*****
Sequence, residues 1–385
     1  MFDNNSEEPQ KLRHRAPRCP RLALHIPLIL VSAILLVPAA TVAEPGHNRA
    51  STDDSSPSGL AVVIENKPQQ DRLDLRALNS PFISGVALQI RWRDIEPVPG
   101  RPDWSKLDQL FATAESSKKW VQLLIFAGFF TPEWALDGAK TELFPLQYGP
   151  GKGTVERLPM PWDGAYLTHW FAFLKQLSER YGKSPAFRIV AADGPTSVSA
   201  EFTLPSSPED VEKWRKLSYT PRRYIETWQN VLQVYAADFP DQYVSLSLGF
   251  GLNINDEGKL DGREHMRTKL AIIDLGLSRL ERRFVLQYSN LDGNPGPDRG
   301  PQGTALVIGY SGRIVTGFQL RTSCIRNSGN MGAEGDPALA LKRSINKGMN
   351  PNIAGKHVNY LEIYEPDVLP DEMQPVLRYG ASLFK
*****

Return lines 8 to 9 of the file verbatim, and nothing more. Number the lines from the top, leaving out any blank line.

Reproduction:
   301  PQGTALVIGY SGRIVTGFQL RTSCIRNSGN MGAEGDPALA LKRSINKGMN
   351  PNIAGKHVNY LEIYEPDVLP DEMQPVLRYG ASLFK